Saturday, July 05, 2014
The Forgotten Flag of the American Revolution and What It Means
It's a continual amazement to me what people claim to find in the Declaration of Independence. I have read it many times now and most of its alleged contents are simply not there. Daniel Hannan below for instance nominates "Magna Carta, jury trials, free contract, property rights, habeas corpus, parliamentary representation, liberty of conscience, and the common law" as things that are demanded there. But of that list I can find jury trials only. Most of the Declaration comprises complaints about the King stopping the American grandees from making more and more laws to regulate their countrymen. It was the King who was the libertarian, not the revolutionaries.
The proponents of revolutions are as far as I can tell always Leftists -- Leftists who have fine talk about the justice of their cause but who basically are just grabbing power for their own clique. And I cannot see that the American revolutionaries were any different. They even headline their Declaration with that classic but absurd Leftist slogan: "all men are created equal".
The Leftism that the Declaration embodied is of course much more limited than the Leftism we know today but it was a definite Leftist episode in history nonetheless
We all know the story of American independence, don’t we? A rugged frontier people became increasingly tired of being ruled by a distant elite. A group calling themselves Patriots were especially unhappy about being taxed by a parliament in which they were unrepresented. When, in 1775, British Redcoats tried to repress them, a famous Patriot called Paul Revere rode through the night across eastern Massachusetts, crying “The British are coming!” The shots that were fired the next day began a war for independence which culminated the following year in the statehouse in Philadelphia, when George Washington and others, meeting under Betsy Ross’s gorgeous flag, signed the Declaration of Independence.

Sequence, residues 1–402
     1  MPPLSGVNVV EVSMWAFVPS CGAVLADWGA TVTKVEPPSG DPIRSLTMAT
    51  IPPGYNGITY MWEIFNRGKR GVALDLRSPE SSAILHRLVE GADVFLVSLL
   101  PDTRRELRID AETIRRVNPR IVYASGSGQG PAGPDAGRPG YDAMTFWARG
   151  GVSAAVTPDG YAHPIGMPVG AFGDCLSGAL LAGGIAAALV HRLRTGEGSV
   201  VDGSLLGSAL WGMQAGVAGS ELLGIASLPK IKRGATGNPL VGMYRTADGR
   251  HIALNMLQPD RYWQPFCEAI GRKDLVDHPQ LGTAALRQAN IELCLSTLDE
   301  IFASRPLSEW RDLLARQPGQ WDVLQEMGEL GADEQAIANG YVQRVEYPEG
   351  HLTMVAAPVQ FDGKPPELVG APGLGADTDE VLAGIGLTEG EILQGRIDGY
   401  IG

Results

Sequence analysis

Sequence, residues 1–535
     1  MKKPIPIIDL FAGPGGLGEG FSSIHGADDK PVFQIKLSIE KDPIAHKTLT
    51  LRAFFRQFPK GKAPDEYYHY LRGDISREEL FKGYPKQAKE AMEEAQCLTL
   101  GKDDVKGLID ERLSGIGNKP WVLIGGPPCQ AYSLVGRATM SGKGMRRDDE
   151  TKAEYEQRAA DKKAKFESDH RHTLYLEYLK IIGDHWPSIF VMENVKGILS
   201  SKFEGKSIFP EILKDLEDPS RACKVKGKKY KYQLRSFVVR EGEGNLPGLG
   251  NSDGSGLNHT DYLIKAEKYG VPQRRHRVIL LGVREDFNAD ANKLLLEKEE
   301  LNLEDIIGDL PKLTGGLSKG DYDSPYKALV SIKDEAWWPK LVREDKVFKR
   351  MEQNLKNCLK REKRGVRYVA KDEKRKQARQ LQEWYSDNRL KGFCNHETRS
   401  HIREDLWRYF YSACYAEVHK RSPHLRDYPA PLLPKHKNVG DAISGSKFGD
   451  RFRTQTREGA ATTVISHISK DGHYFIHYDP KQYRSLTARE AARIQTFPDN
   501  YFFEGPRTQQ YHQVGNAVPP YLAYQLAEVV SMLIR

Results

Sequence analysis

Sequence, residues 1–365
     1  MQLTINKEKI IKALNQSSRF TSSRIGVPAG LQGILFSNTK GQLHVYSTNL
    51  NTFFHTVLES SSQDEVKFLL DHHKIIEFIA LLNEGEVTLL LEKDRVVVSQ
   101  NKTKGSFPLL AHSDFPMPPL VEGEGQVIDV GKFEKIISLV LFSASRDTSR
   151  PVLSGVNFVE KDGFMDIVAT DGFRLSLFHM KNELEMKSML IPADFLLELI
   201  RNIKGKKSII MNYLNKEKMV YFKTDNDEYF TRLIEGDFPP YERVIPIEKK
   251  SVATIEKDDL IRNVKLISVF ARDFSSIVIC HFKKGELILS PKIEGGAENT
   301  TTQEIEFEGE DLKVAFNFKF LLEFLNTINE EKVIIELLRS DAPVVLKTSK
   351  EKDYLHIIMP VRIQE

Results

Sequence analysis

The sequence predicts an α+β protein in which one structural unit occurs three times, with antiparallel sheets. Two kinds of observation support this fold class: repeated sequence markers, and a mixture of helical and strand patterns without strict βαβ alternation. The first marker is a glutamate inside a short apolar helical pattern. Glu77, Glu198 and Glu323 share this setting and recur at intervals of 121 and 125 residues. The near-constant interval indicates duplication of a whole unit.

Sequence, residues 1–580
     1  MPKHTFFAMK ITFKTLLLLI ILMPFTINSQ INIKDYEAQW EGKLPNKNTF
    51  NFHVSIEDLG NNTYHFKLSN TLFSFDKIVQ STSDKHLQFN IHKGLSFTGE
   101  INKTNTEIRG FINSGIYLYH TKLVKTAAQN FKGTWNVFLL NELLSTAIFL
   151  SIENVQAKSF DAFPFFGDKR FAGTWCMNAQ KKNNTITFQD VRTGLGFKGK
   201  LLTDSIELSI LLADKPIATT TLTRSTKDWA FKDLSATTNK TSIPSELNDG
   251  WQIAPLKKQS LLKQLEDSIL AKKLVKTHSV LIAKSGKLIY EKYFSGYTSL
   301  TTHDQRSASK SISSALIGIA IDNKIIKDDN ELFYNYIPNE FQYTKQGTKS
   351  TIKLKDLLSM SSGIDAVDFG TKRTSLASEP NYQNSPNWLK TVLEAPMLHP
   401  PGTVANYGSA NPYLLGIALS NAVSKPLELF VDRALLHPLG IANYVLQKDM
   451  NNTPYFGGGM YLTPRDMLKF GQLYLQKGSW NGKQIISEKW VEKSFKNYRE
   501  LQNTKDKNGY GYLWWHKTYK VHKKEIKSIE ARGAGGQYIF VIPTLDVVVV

It’s a stirring story, but it’s false in every aspect. Neither Paul Revere nor anyone else could have shouted “The British are coming!” in 1775: The entire population of Massachusetts was British. (What the plucky Boston silversmith actually yelled was “The regulars are out!”) The overall level of taxation in the colonies in 1775 was barely a fiftieth of what it was in Great Britain, and the levies to which Americans had objected had been repealed before the fighting began. The Boston Tea Party, which sparked the violence, was brought about by a *lowering* of the duty on tea. George Washington wasn’t there when the Declaration of Independence was signed. The flag that the Patriots marched under was not, except on very rare occasions, the stars-and-stripes (which probably wasn’t sewn by Betsy Ross) but the Grand Union flag.
Known also as the Congress Flag and the Continental Colors, the Grand Union Flag had the 13 red and white stripes as they are today, but in the top left-hand quarter, instead of stars, it showed Britain’s flag, made up of the St. George’s Cross for England and the St. Andrew’s Cross for Scotland. It was the banner that the Continental Congress met under, the banner that flew over their chamber when they approved the Declaration of Independence. It was the banner that George Washington fought beneath, that John Paul Jones hoisted on the first ship of the United States Navy. That it has been almost excised from America’s collective memory tells us a great deal about how the story of the Revolution was afterward edited.
The men who raised that standard believed that they were fighting for their freedoms as Britons — freedoms that had been trampled by a Hanoverian king and his hirelings. When they called themselves Patriots — a word that had been common currency among Whigs on both sides of the Atlantic long before anyone dreamed of a separation — they meant that they were British patriots, cherishing the peculiar liberties that had come down to them since Magna Carta: jury trials, free contract, property rights, habeas corpus, parliamentary representation, liberty of conscience, and the common law.
Posted by John J. Ray (M.A.; Ph.D.).